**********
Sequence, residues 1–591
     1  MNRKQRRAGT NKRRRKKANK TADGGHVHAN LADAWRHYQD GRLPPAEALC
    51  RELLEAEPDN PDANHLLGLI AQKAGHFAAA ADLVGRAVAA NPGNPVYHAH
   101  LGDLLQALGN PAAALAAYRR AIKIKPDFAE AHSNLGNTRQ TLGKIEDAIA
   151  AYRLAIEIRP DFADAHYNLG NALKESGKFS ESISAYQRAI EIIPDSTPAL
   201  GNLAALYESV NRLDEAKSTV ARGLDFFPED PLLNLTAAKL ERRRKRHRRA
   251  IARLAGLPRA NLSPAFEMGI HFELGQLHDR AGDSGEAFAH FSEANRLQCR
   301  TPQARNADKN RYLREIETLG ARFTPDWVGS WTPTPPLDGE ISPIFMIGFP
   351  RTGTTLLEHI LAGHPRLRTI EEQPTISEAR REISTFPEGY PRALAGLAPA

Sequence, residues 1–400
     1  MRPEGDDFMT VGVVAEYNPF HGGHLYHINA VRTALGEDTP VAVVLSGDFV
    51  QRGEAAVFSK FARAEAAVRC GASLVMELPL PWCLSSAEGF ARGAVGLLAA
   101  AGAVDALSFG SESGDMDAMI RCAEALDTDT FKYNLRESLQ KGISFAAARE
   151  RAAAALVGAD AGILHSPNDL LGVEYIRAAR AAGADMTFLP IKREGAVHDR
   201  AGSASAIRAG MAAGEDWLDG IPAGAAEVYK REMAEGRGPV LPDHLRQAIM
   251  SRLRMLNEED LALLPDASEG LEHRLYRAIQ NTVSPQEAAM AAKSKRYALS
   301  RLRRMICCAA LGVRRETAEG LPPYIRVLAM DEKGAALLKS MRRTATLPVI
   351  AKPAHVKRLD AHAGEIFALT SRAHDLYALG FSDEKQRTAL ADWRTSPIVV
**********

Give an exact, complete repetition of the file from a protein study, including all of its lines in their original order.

Sequence, residues 1–591
     1  MNRKQRRAGT NKRRRKKANK TADGGHVHAN LADAWRHYQD GRLPPAEALC
    51  RELLEAEPDN PDANHLLGLI AQKAGHFAAA ADLVGRAVAA NPGNPVYHAH
   101  LGDLLQALGN PAAALAAYRR AIKIKPDFAE AHSNLGNTRQ TLGKIEDAIA
   151  AYRLAIEIRP DFADAHYNLG NALKESGKFS ESISAYQRAI EIIPDSTPAL
   201  GNLAALYESV NRLDEAKSTV ARGLDFFPED PLLNLTAAKL ERRRKRHRRA
   251  IARLAGLPRA NLSPAFEMGI HFELGQLHDR AGDSGEAFAH FSEANRLQCR
   301  TPQARNADKN RYLREIETLG ARFTPDWVGS WTPTPPLDGE ISPIFMIGFP
   351  RTGTTLLEHI LAGHPRLRTI EEQPTISEAR REISTFPEGY PRALAGLAPA

Sequence, residues 1–400
     1  MRPEGDDFMT VGVVAEYNPF HGGHLYHINA VRTALGEDTP VAVVLSGDFV
    51  QRGEAAVFSK FARAEAAVRC GASLVMELPL PWCLSSAEGF ARGAVGLLAA
   101  AGAVDALSFG SESGDMDAMI RCAEALDTDT FKYNLRESLQ KGISFAAARE
   151  RAAAALVGAD AGILHSPNDL LGVEYIRAAR AAGADMTFLP IKREGAVHDR
   201  AGSASAIRAG MAAGEDWLDG IPAGAAEVYK REMAEGRGPV LPDHLRQAIM
   251  SRLRMLNEED LALLPDASEG LEHRLYRAIQ NTVSPQEAAM AAKSKRYALS
   301  RLRRMICCAA LGVRRETAEG LPPYIRVLAM DEKGAALLKS MRRTATLPVI
   351  AKPAHVKRLD AHAGEIFALT SRAHDLYALG FSDEKQRTAL ADWRTSPIVV